Sept 2022

Regrettably, I don’t have much to show for this month. The overall look of ProdUI has improved, though it currently still falls short of being usable for a real GUI application.


ProdUI as it currently stands. The left window has a list of all widgets in the UI context.


(I’ve gone so long without a video that I’ll just stop mentioning when I don’t have one for the month.)


  • Worked on prodUI skinning system, and a simple built-in skin (Vacuum)
  • Converted slider bars to a simpler, more modern style. Planning to convert scroll bars to this style as well
  • Various fixes to the context + callback structure for ProdUI (generally, sacrificing flexibility for more predictable behavior)



In August, I had been experimenting with two skins: one drawn with* primitives and text, and the other relying more on 9-slice textures. I’ve set the latter aside because scaling textured skin elements is tricky and I’d rather focus on just one skin module for now.

The skin system more or less works as described in August. It seems good so far. I’ve merged normal buttons, check boxes and radio buttons into the same widget definition with different sub-skin IDs. I’ve found myself preferring slightly more complex “flat” widgets to ones which spawn child widgets for every little aspect, like text labels or single graphical ornaments.

Less straightforward are things with moving components, like slider bars. The thumb size and trough length are context-dependent, and you might want the text label to be in any number of locations. So, it’s probably best for the widget to store that information, and just have the skin renderer paint to its specifications.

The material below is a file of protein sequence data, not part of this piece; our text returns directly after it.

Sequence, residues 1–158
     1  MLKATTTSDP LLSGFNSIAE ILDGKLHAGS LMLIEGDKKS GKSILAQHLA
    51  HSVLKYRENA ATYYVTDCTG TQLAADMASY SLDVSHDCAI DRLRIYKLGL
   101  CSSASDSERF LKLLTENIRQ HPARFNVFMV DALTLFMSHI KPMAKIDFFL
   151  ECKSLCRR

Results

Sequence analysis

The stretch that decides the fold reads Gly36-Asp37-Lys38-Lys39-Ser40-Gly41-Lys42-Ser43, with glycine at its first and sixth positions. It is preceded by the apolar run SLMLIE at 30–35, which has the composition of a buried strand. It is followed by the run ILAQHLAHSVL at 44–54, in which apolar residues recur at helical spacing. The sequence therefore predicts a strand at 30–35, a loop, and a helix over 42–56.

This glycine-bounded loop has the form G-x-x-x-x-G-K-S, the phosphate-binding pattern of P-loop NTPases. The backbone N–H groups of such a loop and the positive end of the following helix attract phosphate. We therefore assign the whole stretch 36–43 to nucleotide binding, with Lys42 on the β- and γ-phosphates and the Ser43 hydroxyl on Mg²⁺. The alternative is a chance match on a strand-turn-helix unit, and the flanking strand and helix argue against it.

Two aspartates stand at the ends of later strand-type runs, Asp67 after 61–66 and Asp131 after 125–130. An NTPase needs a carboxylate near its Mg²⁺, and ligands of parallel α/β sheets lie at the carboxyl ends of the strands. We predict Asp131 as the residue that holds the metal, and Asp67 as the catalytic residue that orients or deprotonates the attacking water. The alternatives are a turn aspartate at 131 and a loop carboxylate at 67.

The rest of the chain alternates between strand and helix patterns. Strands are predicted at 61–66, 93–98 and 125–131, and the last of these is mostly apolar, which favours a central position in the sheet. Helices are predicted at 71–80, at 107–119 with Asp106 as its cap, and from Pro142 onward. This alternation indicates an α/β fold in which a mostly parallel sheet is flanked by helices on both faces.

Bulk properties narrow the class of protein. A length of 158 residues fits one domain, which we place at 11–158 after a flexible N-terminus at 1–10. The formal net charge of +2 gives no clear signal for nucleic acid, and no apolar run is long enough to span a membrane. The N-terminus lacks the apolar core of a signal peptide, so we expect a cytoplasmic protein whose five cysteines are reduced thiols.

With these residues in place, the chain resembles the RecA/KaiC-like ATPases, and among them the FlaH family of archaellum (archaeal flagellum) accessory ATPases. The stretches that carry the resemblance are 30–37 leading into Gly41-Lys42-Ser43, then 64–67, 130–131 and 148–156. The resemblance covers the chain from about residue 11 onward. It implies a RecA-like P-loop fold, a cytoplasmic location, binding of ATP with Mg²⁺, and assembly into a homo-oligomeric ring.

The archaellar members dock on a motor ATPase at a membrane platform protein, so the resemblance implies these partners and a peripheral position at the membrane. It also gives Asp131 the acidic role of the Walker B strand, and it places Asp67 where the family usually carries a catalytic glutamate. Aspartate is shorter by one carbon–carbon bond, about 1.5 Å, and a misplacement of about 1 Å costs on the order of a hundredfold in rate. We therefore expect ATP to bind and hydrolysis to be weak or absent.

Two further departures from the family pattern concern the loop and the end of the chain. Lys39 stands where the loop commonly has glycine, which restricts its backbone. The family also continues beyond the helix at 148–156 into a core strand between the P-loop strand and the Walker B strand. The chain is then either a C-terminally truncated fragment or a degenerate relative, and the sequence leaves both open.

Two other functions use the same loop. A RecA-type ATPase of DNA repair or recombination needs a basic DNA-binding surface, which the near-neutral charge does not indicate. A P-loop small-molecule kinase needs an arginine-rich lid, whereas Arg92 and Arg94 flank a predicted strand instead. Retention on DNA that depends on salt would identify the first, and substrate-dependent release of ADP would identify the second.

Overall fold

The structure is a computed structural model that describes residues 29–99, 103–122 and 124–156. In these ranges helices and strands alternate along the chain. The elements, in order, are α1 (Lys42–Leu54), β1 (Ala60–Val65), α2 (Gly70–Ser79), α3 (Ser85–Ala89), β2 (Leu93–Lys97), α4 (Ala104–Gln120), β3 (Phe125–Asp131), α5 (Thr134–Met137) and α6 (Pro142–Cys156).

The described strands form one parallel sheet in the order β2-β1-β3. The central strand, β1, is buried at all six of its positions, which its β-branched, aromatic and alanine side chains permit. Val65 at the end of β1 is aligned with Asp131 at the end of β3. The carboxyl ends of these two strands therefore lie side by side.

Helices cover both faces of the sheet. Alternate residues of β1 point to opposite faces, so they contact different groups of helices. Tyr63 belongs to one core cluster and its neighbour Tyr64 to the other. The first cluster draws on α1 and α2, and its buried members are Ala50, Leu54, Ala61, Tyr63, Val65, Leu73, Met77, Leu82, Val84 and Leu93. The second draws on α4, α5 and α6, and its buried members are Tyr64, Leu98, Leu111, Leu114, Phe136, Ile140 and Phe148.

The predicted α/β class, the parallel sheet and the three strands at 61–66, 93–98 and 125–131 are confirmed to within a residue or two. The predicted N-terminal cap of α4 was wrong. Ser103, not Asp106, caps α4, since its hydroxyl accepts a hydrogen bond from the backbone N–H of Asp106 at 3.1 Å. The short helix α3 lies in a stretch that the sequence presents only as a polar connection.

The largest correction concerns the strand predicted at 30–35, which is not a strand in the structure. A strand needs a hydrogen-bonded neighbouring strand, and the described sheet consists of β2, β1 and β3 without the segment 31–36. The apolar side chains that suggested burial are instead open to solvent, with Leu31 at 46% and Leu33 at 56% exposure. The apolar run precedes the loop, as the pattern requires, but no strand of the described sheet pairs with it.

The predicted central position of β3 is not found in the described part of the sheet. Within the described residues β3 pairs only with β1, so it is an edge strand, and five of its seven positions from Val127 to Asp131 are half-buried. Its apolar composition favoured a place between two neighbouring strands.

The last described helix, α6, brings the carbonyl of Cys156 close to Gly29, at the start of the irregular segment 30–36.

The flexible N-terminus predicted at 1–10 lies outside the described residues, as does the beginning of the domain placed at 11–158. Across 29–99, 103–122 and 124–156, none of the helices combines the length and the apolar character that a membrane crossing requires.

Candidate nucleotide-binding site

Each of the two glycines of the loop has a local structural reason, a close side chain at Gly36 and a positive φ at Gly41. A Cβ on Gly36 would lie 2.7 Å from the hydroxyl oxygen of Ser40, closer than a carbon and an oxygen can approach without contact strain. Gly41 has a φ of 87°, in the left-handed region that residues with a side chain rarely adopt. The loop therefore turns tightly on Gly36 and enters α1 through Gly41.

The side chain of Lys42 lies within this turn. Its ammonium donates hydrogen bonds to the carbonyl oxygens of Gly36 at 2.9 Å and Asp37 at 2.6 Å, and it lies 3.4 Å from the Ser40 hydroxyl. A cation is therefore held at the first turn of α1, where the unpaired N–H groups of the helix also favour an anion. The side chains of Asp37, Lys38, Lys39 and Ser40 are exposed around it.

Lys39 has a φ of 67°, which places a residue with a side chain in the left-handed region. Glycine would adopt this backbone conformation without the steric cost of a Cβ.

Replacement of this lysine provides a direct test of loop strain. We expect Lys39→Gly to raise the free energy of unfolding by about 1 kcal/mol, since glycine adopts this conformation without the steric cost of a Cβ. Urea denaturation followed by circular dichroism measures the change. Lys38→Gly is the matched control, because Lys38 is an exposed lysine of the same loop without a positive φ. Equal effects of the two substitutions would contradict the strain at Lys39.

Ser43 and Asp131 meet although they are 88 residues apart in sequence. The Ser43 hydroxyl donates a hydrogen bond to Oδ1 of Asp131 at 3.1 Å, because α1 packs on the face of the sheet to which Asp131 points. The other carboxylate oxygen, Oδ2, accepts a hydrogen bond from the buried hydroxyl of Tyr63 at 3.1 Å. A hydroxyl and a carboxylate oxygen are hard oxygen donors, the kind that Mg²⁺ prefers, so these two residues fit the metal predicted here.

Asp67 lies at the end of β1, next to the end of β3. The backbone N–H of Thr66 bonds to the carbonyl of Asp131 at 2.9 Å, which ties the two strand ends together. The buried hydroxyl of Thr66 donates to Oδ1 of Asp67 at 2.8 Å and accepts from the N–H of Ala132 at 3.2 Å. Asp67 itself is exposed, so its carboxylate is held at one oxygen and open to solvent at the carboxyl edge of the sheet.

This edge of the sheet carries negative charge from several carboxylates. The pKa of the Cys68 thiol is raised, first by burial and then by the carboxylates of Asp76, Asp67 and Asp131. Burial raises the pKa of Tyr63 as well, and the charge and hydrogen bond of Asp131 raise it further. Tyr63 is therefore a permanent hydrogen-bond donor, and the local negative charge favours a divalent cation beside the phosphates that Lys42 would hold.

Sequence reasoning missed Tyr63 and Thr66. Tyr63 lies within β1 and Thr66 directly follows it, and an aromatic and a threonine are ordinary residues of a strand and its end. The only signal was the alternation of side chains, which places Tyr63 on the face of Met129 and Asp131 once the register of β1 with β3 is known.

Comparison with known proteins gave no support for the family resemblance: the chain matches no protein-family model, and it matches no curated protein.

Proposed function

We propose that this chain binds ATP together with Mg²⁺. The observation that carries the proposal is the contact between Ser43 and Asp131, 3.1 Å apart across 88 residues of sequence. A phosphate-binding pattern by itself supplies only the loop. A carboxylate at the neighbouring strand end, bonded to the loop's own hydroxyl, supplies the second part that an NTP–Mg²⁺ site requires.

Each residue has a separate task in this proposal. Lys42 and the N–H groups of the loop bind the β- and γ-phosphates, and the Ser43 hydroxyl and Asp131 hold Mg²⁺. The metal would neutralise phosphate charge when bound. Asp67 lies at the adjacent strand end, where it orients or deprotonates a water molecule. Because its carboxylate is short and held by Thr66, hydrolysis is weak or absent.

I have to write this so that the next part makes sense. This blue thing, I am calling the thimble:


It’s a cursor, but I don’t want to get it confused with the mouse cursor or the text cursor (caret). If a widget has (holds, takes, etc.) the thimble, it means that it has an outline like this, and pressing enter should activate in a way similar to clicking on it with the mouse. The number of thimbles that the UI context can have at any given time is 0 or 1.

I was calling it the focus, but that can be confused with which window is currently on top. (A window can be topmost without hosting the thimble in its widget tree.) Alright, moving on.


Simplifying Sliders and Scroll Bars

I went through some trouble to make scroll bars behave like they did in early Windows, where explicit up/down buttons are placed on the edge of the bar, and clicking the trough sort of behaves like the PageUp and PageDown keys. Internally, the trough was the parent widget, and the thumb and the two buttons were additional child widgets. I used similar code to implement slider bars.

It felt nostalgic, but in the case of the sliders, it led to a problem where the thimble would be given to the thumb, not the parent trough. That shouldn’t have been a big deal, and yet it caused a lot of issues with managing the thimble when clicking between multiple windows. I believe I fixed those problems, but it really turned me off from embedding child widgets within things that should be “leaf node” controls (or at least, giving those child widgets the ability to hold the thimble).

I had to admit that this kind of slider handling wasn’t actually very good from a UX standpoint. It feels better to just click anywhere within the trough rectangle, and have the thumb teleport to the mouse (or as close as possible to it). If extreme changes were a concern, the thumb could be programmed to slide towards the mouse at a slower speed. Anyways, with that behavior, a child widget isn’t required to implement the thumb at all.

The slider widget code was an awful mess, and converting it to the new style was so much trouble that it might have been easier to start over from scratch. Scroll bars will have to get the same treatment soon.



Yeah, that’s really all I have. I’m going to make some personal adjustments and try and have a better offering for October. I’ll update again on the 31st or so.